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SHERIDAN — Sheridan County School District 1 has selected Tongue River High School family and consumer science teacher Pat Mischke as the district’s Teacher of the Year.
In addition to the recognition, the honor includes the privilege of applying to receive the Wyoming Teacher of the Year Award.
Superintendent Marty Kobza announced the honor last Tuesday at a faculty meeting and the application for the state award was filed Monday.
“Mrs. Mischke was chosen as Sheridan County School District 1’s Teacher of the Year in honor of her decades-long commitment to and passion for family and consumer sciences and consistent willingness to evolve the program to meet today’s challenges and opportunities,” Kobza said in a press release Wednesday. “She also sets the vision for our district-wide career and technical education programs, which ensures we help our students prepare for success in the marketplace in some of the most sought-after fields, like welding and nursing.”
Mischke joined SCSD1 in 1996 after previously having taught in Sundance and Rock River.
She said the thing she is most proud of in her career is how she has integrated FCCLA into each of the seven classrooms she has led.
The Family, Career and Community Leaders of America is a national Career and Technical Student Organization that provides career preparation opportunities for students in family and consumer sciences education, among other things.
“The FCCLA is important to the kids because it connects classroom work to real life experiences and gives them great leadership opportunities,” Mischke said.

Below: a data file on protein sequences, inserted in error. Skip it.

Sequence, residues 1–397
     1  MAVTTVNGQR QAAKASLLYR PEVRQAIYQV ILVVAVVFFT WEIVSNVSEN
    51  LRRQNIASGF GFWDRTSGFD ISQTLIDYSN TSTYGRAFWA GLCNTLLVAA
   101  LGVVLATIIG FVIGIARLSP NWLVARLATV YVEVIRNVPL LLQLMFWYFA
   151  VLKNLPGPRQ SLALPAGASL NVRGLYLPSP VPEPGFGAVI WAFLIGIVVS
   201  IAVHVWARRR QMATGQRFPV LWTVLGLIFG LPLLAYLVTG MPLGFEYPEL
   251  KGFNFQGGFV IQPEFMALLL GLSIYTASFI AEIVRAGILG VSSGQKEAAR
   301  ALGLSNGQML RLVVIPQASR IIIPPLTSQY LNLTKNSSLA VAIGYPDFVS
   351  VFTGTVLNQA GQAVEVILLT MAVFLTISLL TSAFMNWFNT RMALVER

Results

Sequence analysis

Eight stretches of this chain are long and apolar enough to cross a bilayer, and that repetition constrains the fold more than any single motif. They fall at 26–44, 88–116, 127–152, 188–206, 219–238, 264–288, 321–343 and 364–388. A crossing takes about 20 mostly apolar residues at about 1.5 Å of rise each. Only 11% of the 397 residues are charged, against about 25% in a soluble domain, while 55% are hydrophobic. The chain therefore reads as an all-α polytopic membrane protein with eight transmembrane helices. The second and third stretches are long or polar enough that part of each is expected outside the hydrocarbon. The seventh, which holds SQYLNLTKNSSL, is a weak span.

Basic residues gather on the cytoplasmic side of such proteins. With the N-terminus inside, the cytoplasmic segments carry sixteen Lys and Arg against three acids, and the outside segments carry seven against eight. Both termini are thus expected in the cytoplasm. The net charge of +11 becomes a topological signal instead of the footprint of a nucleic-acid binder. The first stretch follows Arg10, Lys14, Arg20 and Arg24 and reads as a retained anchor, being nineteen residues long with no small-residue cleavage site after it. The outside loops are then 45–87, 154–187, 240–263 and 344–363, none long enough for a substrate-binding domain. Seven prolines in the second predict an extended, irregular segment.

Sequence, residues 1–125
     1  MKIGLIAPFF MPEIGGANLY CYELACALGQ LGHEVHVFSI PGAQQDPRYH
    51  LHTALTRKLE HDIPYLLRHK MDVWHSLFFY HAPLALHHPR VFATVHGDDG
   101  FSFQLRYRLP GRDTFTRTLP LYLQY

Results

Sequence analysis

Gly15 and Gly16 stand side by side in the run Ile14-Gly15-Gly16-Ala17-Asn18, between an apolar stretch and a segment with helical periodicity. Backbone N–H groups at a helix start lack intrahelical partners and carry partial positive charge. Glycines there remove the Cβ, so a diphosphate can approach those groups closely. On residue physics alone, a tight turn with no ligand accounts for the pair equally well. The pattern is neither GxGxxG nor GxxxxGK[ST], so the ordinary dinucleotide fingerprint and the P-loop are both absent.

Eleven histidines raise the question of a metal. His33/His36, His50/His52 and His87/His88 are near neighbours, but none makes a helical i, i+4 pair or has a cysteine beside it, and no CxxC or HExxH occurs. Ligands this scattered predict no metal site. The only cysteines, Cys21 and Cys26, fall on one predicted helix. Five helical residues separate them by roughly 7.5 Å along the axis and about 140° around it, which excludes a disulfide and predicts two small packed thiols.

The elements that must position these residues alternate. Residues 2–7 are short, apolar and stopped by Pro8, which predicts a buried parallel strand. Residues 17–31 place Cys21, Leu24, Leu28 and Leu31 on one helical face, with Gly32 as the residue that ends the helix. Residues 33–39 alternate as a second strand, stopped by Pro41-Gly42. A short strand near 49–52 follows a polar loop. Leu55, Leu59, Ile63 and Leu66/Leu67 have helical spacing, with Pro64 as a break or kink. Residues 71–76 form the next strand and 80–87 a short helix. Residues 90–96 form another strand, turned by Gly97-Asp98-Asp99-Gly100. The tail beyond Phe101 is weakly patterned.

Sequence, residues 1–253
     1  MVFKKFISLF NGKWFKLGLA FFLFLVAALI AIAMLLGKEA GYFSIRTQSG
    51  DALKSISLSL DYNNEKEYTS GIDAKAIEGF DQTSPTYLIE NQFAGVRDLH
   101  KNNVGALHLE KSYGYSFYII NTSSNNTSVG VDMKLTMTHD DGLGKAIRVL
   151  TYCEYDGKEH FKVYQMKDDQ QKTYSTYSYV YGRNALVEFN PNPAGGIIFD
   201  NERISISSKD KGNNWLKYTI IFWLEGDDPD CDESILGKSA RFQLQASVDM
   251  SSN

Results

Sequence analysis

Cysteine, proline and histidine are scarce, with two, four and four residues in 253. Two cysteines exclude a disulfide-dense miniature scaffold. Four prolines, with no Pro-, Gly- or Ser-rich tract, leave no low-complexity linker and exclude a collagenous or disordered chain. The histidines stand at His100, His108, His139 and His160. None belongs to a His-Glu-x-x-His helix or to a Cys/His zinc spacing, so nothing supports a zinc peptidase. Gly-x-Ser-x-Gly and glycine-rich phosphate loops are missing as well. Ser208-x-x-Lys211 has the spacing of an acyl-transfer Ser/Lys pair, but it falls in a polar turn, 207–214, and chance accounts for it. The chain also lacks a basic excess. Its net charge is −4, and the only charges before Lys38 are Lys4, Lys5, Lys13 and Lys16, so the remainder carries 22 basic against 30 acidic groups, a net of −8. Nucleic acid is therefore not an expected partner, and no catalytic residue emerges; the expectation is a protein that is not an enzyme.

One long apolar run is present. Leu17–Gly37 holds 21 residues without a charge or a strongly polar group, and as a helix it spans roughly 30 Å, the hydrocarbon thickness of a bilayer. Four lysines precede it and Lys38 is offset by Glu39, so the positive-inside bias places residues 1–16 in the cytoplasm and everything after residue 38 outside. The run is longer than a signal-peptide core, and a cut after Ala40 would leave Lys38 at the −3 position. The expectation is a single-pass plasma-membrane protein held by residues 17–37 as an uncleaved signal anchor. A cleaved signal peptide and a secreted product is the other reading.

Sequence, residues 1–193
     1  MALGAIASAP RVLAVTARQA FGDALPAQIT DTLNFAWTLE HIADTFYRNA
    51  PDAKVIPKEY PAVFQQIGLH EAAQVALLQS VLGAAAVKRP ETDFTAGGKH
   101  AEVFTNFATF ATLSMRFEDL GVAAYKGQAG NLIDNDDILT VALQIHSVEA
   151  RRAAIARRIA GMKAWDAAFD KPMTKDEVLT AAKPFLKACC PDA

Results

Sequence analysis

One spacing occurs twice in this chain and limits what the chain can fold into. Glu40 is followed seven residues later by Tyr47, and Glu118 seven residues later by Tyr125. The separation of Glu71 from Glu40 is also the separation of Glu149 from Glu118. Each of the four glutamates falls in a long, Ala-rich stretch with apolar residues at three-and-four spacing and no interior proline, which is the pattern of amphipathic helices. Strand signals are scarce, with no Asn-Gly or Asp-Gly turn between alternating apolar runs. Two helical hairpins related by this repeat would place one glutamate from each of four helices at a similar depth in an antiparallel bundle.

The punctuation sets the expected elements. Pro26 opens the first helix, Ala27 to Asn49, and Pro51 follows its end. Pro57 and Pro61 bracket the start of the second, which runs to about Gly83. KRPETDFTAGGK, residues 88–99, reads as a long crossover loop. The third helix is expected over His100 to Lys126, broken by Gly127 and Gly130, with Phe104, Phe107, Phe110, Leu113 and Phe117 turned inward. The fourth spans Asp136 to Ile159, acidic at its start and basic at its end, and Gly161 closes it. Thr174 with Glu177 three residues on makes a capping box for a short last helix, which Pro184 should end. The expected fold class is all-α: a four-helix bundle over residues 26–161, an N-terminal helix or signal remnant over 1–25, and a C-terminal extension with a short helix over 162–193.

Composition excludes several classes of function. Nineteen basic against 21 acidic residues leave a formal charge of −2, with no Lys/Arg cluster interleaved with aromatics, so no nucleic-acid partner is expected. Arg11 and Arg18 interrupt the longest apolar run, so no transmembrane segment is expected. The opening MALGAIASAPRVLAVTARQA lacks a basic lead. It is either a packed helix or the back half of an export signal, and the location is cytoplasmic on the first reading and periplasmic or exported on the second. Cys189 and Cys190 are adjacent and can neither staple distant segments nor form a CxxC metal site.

TR guidance counselor Pete Kilbride has worked with Mischke for eight years and agrees her work with the FCCLA is the highlight of her contributions, noting that they compete at the state level convention every year and continually have students qualify to compete at nationals, though the group is certainly not the only notable mark on her resume.
“There is a very healthy level of respect that the students have for her,” he said. “She’s very much a mother; when a kid needs to be scolded she’s not afraid to scold them but she does it in a way that they are receptive to her direction.”
He added other notable attributes of Mischke’s are her willingness to give up her kids if they’re needed in another curricula area or testing, her great relationship with the rest of the staff, her strong reputation among Wyoming communities and her year-round work with the kids outside of the classroom.
“She does catering throughout the year as well and the students help her,” he said. “When a kid is willing to give up a Friday night to work for her, you know they must like her.”
Mischke said she is joyful, yet overwhelmed, by the honor and found the state application process very interesting.
“In putting my papers together for the state I learned a lot about myself and in asking for letters of recommendation for it and hearing the responses people offer, I realized the impact of what I’m doing on others,” she said. “I think I work hard and it’s nice to be recognized for hard work but truly I have a fun job, I really do, and I just love what I do.”
One of the questions the application for Wyoming Teacher of the Year asked was if the applicant were to be selected, what would their message be during their year of honor and service.
Mischke said her message is that “teaching is an honorable profession and we need to be proud to be teachers and accountable for what we do.”
The district will hold an awards ceremony at Sheridan College on May 29 at 6 p.m. and Mischke will be honored at this time.
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